Laser Beam Deflections: The Angle–Diameter Product
When a laser beam is deflected, one may consider the angular change of propagation direction, but it turns out that this quantity alone is not really what counts.
Think about a laser scanner, for example, as used for some scanning laser projector display or in a printing application. After leaving the scanner (containing e.g. a vibrating mirror or a rotating polygon), the beam may be sent through some optics before going to a projection screen, a film or whatever other object. These optics may increase or decrease the angular range of the scan. Does that mean that the angular scan range of a scanner doesn't matter, as we can always “amplify” it with suitable optics?
No, it doesn't. A telescope can increase the angular range, but it will then also increase the beam divergence and decrease the beam radius. The ratio of angular range and divergence angle remains constant. This means that if the original angular range of the scanner is suitable only for a limited number of pixels, this will not change in whatever optics we may apply. In other words, the angle–diameter product (<$\theta -D$> product) of the scanner is what limits us. For a high pixel number, this product has to be large. If some scanner can accept only small-diameter laser beams, its scan angle needs to be large in order to support some pixel number.
It is also instructive to consider deflection in terms of optical phase changes. If a beam with diameter <$D$> is deflected by an angle <$\theta$>, this implies a difference in phase shift of <$k \: \theta \: D$>, with <$k = 2\pi / \lambda$>. So we see that the angle–diameter product is directly related to this phase shift. And a larger beam is in a way more “sensitive” to angular changes: it picks up a larger phase difference between its extremes.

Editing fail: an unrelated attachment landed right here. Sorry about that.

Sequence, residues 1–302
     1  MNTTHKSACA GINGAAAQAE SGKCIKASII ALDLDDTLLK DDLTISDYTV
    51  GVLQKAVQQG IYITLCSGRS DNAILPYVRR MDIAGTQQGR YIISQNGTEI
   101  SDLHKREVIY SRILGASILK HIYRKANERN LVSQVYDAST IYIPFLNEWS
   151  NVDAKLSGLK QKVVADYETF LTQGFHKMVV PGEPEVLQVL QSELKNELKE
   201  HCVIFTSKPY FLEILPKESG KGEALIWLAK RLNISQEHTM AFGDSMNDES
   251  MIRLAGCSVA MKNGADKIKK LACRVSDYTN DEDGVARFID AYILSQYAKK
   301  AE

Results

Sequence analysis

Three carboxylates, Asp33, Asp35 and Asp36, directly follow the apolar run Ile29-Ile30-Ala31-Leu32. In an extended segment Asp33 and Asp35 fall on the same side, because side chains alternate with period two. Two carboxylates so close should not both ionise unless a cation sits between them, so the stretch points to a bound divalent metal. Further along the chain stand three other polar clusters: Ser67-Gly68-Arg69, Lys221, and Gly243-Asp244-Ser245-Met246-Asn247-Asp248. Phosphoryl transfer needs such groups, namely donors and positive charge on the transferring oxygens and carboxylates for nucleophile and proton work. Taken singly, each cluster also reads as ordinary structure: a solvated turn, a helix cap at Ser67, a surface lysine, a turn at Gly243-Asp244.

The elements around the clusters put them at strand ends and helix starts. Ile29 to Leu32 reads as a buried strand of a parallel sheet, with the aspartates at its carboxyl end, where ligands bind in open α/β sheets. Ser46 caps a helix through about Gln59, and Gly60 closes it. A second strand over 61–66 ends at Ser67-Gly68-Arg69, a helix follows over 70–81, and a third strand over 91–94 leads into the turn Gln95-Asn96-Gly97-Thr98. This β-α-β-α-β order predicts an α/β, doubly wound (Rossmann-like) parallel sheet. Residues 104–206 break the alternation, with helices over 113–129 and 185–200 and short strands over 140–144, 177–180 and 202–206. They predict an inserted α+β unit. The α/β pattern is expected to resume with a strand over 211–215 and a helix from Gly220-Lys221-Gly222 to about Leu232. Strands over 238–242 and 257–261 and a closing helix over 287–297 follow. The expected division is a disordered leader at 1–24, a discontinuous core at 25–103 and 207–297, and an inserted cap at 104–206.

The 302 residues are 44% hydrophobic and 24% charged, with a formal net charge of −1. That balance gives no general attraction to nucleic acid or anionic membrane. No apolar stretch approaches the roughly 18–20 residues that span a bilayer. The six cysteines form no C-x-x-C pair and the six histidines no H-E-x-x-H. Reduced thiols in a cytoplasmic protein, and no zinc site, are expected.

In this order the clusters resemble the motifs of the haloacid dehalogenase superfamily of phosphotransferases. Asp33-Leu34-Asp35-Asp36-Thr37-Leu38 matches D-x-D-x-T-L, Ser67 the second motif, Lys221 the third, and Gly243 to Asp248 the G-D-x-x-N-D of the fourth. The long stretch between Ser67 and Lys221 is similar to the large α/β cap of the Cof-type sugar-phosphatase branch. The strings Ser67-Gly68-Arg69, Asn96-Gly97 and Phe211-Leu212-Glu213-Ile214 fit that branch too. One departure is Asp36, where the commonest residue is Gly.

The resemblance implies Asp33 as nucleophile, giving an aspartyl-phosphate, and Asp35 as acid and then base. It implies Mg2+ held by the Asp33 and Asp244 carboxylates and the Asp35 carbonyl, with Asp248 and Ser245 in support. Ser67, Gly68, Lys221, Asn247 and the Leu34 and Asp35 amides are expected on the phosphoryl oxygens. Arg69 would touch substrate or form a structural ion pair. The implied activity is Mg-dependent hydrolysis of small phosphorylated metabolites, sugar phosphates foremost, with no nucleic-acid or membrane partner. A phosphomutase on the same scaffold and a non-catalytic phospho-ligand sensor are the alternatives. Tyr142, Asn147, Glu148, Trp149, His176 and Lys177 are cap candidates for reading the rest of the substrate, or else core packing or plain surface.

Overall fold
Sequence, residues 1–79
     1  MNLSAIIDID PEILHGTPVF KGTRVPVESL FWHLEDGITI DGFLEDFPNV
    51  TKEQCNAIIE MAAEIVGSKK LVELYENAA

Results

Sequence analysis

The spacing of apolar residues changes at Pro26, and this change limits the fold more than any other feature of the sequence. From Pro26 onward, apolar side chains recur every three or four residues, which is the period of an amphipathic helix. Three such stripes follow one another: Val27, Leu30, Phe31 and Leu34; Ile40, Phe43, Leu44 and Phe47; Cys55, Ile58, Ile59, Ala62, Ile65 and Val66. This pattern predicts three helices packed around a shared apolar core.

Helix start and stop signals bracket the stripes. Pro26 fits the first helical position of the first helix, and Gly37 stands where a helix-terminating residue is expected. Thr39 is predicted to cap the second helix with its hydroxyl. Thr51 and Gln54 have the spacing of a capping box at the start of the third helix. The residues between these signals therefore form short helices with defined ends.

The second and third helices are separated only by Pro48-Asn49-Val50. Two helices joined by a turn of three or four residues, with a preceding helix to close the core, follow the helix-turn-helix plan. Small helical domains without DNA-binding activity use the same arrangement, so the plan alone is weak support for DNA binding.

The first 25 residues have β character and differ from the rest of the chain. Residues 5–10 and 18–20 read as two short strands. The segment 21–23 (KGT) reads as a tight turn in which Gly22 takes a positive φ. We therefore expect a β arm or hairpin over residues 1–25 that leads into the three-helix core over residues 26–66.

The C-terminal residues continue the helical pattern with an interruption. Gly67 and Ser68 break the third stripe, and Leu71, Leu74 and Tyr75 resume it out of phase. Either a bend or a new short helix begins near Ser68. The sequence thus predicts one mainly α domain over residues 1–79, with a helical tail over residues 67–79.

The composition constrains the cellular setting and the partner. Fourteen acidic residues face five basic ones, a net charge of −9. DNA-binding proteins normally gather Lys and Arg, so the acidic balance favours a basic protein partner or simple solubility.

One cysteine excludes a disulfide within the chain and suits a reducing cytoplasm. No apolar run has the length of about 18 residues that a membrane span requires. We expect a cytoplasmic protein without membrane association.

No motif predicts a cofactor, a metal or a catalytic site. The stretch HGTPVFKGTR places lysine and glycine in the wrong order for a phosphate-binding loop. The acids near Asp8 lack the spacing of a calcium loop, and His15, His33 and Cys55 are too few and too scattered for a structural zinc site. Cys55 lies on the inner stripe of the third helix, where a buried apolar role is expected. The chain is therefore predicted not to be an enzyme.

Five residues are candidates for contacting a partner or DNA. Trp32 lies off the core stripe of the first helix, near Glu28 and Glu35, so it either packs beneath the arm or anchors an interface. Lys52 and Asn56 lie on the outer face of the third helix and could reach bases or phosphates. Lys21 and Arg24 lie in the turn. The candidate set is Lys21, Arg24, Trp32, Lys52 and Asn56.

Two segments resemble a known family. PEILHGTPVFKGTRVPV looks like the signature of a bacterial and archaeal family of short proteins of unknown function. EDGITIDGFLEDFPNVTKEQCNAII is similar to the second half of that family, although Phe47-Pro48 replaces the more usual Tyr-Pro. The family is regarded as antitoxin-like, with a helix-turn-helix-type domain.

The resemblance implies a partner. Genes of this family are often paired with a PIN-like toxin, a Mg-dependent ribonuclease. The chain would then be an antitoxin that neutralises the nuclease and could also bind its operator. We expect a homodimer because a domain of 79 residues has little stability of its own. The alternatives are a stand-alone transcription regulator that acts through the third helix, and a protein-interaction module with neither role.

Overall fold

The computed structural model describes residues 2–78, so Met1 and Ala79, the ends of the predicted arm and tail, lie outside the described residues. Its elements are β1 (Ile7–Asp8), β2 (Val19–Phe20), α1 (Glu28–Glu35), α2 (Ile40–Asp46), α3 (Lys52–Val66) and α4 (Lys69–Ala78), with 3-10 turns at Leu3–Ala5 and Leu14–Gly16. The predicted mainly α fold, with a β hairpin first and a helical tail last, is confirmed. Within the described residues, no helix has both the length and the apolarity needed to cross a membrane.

A similar aspect occurs in the context of beam pointing fluctuations. People sometimes simply specify some r.m.s. angular range of the output beam of a laser. This doesn't say much, however, as long as the output beam radius is not known: with some additional optics, you may always convert some collimated beam into another collimated beam with larger radius, exhibiting smaller angular fluctuations. What is preserved – and what is relevant to know – is the angle–diameter product.
This article is a posting of the Photonics Spotlight, authored by Dr. Rüdiger Paschotta. You may link to this page and cite it, because its location is permanent. See also the RP Photonics Encyclopedia.
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